most needed.
Conclusion
The rates of carbon sequestration and soil organic carbon
(SOC) values were found to vary among the grassland
systems, but it is understandable that grassland systems
provide valuable carbon storage. Increasing SOC
storage through land use changes and land
management is a low cost and environmentally beneficial
way of sequestering substantial amounts of atmospheric
CO2 and need to be practiced. However, further research
is needed across multiple locations addressing key
ecological processes and mechanisms to determine the
principal drivers affecting C sequestration (Derner and
Schuman, 2007). The continued development of
sophisticated in-situ and laboratory equipment to
accurately detect small but ecologically-important
changes in soil C and its components will open new
179
Ghosh & Mahanta
horizons for future experimentation and verification of C
change due to management options or climatic variances.
There is a need to move from the basic approach of soils
and soil ecology to a more fundamental and functional
understanding of the processes and mechanisms that
affect SOC dynamics and how they are influenced by
land management, environment and their interaction.
Newly emergent fields of soil microbial ecology should
provide additional in sight into microbial function and
processes that affect C sequestration under normal and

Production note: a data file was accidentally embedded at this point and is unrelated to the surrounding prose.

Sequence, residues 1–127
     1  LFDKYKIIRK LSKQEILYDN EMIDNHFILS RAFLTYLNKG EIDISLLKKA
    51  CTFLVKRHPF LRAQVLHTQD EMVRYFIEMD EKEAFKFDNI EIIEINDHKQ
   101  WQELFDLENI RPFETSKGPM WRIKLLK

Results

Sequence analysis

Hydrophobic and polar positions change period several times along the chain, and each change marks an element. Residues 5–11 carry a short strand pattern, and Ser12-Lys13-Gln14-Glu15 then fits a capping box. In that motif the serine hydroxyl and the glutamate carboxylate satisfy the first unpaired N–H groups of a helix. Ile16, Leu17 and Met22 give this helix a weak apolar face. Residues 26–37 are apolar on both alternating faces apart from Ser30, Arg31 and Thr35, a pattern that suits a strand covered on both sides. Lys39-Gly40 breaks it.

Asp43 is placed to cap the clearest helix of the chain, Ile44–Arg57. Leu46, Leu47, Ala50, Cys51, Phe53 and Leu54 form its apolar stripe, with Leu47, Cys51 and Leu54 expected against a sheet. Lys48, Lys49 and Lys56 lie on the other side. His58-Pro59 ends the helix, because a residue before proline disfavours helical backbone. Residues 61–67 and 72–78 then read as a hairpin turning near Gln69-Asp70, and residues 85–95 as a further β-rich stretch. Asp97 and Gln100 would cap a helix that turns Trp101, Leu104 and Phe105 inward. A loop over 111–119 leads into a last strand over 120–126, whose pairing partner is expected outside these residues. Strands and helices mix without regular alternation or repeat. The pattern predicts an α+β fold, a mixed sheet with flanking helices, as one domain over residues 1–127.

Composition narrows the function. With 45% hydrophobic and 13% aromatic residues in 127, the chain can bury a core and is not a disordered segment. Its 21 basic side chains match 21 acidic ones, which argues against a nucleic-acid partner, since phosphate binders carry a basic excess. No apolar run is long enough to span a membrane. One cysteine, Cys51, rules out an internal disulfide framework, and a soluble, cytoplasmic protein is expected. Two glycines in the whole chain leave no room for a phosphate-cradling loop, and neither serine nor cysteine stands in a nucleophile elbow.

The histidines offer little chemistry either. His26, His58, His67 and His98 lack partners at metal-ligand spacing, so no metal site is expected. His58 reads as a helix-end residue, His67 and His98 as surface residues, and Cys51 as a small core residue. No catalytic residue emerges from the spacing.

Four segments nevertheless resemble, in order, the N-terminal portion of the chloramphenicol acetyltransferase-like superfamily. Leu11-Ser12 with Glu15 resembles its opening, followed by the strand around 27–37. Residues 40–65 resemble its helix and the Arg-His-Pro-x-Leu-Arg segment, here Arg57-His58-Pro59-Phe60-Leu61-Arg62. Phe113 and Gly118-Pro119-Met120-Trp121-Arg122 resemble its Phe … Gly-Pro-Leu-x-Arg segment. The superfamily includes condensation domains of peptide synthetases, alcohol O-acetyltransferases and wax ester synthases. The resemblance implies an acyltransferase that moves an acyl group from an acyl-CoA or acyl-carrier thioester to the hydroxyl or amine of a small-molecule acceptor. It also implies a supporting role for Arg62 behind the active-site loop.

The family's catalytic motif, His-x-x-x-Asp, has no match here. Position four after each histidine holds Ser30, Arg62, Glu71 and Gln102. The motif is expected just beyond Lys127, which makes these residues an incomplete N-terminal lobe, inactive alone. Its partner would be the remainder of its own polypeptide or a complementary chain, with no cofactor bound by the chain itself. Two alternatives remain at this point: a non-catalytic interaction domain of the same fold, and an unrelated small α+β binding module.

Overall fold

the widely fluctuating precipitation patterns found in arid
and semi-arid environments. Hence, as better research
information becomes available, a more thorough and
accurate estimation of C sequestration potential of
grasslands can be achieved in near future.
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... to .03 GT of C sequestered annually (Ghosh & Mahanta, 2014). However, this is limited by current grassland management practices (Ghost & Mahanta, 2014). ...
... Research has demonstrated that properly managing grasslands can impact the process of CS (Abdalla et al. 2018;Wang et al. 2014;Yang et al. 2019), including grazing strategies (Abdalla et al., 2018;Byrnes et al., 2018;Ghosh & Mahanta, 2014;Wolf et al., 2011) which could contribute to a decline in the amount of atmospheric carbon when paired with other sequestration strategies. However, there is still conflicting research about whether these rates will persist through time (Ampleman et al., 2014) as well as how changes in environmental factors from climate change can impact CS. ...
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... Regenerative, or sustainable, agricultural methods related to promoting soil health have been gaining in popularity in recent years ( Derner et al. 2018 Ghosh and Mahanta 2014 ), providing a stable repository that is much more resilient to natural disturbance than carbon stored aboveground in forested areas ( Dass et al. 2018 ). In contrast, most cropland soils lose about 0.06% of their soil organic carbon annually ( Lal and Bruce 1999 ;Dalal and Carter 2019 ). ...